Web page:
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Sweden Runs Out Of Soldiers
by James Dunnigan
February 8, 2011

Sweden is running out of soldiers. It all began when, six months ago, Sweden abolished conscription. Sweden has been reducing the size of its armed forces over the past decade, and has been discussing the mechanics of abolishing conscription for over three years. As a result of that, fewer (recently only 10,000 a year) young men were being conscripted, and for shorter (11 months) terms. With conscription gone, Sweden thought they could rely on volunteers, serving for longer terms of service.

But Sweden wants a more capable force, and is raising standards to get it. A decade ago, Sweden was drafting 50,000 men a year. But the new plan, to recruit 16,000 volunteers by 2014, is already in trouble. So far, only half the needed recruits are joining. Most of the new troops would be reservists, part-time soldiers who would only be called to full-time duty as needed (for an emergency, or a peacekeeping mission for which there were not enough "career" or active duty soldiers available.) The recruiting shortfalls mean that career troops will be going on peacekeeping missions more often, thus encouraging many of them to leave the military.

There is no ready solution for the recruiting problem, other than offering more money. But that is very unlikely. Sweden has cut its defense spending about 20 percent in the last decade, and will freeze its defense budget at about $5-5.5 billion a year, for most of the next decade. At the same time, it wants to raise the readiness of its active duty units for deployment overseas on peacekeeping missions. The goal is to have all units of the active military capable of deployment outside Sweden, within a week. Currently, only a third of the active duty troops can be sent abroad, and many of these require up a year of preparation.

By 2014, the volunteer force will be seven, battalion size "battle groups". To this end, the military has to deactivate several infantry and tank units. All this improves the readiness of the remaining 12,500 troops who are eligible for deployment. This includes eight infantry battalions. The navy's amphibious infantry battalion ("marines") will be turned into an infantry battalion with amphibious capabilities.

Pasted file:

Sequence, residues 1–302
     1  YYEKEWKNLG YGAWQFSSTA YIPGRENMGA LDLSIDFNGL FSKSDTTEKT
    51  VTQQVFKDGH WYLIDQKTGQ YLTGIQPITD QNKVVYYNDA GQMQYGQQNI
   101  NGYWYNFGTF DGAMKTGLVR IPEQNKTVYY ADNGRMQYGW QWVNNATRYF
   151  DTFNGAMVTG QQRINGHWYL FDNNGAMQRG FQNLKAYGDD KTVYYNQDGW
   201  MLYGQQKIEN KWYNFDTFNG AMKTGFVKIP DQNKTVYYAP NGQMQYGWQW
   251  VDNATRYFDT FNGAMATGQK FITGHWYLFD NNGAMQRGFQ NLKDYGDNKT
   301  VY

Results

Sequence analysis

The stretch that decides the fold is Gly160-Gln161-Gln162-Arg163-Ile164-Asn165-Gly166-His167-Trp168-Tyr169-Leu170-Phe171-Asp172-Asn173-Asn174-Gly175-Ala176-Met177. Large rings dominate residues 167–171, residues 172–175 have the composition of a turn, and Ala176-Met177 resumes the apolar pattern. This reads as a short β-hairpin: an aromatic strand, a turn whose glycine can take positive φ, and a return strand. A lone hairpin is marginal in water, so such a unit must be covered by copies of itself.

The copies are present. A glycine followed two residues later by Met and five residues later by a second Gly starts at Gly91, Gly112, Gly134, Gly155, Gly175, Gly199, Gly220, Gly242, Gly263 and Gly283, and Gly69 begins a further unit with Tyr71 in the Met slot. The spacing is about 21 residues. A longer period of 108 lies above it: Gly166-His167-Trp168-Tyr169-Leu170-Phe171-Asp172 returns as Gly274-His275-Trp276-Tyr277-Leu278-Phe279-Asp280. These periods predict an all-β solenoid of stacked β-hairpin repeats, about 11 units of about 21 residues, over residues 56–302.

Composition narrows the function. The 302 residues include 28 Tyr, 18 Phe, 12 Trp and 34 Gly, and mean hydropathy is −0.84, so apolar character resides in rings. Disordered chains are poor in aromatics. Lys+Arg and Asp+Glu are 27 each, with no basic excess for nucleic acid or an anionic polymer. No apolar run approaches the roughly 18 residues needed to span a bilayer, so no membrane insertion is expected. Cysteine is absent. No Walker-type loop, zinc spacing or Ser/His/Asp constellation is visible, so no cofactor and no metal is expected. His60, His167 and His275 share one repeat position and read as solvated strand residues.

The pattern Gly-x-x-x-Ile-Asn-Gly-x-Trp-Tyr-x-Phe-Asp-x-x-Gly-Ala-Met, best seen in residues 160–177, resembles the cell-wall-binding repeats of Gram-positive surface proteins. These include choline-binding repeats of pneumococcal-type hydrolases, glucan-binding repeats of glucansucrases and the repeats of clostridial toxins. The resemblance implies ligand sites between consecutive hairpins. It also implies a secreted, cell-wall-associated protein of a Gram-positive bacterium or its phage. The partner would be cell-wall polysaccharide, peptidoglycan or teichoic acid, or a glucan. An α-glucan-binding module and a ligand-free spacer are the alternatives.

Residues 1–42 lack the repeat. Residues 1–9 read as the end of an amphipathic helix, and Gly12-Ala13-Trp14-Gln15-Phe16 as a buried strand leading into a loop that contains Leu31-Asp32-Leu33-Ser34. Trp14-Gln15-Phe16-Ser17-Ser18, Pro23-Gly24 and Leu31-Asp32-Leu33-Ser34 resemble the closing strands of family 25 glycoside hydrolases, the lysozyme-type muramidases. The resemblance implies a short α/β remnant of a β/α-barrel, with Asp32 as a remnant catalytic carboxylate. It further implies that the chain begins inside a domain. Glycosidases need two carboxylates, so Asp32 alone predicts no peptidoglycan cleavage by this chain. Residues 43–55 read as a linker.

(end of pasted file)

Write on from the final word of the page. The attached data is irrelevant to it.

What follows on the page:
Some 30 percent of the infantry units will be cut, along with half the 150 Leopard 2 tanks. With the Soviet Union gone (since 1991) and Russia much less of a threat, Sweden does not see the need to have as many tanks on active duty. Sweden has long maintained a "mobilization army" (like Israel and Switzerland), where most troops get their military training, then go to reserve units (where they receive refresher training for up to twenty years.) During the Cold War, the Swedes could mobilize about a million troops. Since the end of the Cold War, this has been reduced to 330,000, and will be cut even more under the new budget.

The air force and navy will undergo less stress and transformation. The Swedish Air Force is one of the more powerful in the region, and the Swedish Navy has maintained much of its strength, as other Baltic navies downsized enormously when the Cold War ended.

Military leaders are not happy with this, but the politicians, legislature and voters have spoken. The Swedes are still able to mobilize over 30,000 troops in a few hours, for any military emergency or natural disaster. There are growing doubts about the enthusiasm of officers and NCOs to turn the military inside out to conform with a plan formulated by politicians. Many of those officers and NCOs are simply leaving the military, or planning to. So there is some anxiety about what shape the Swedish military will be in by 2014, although at this point it appears it will be smaller than planned.

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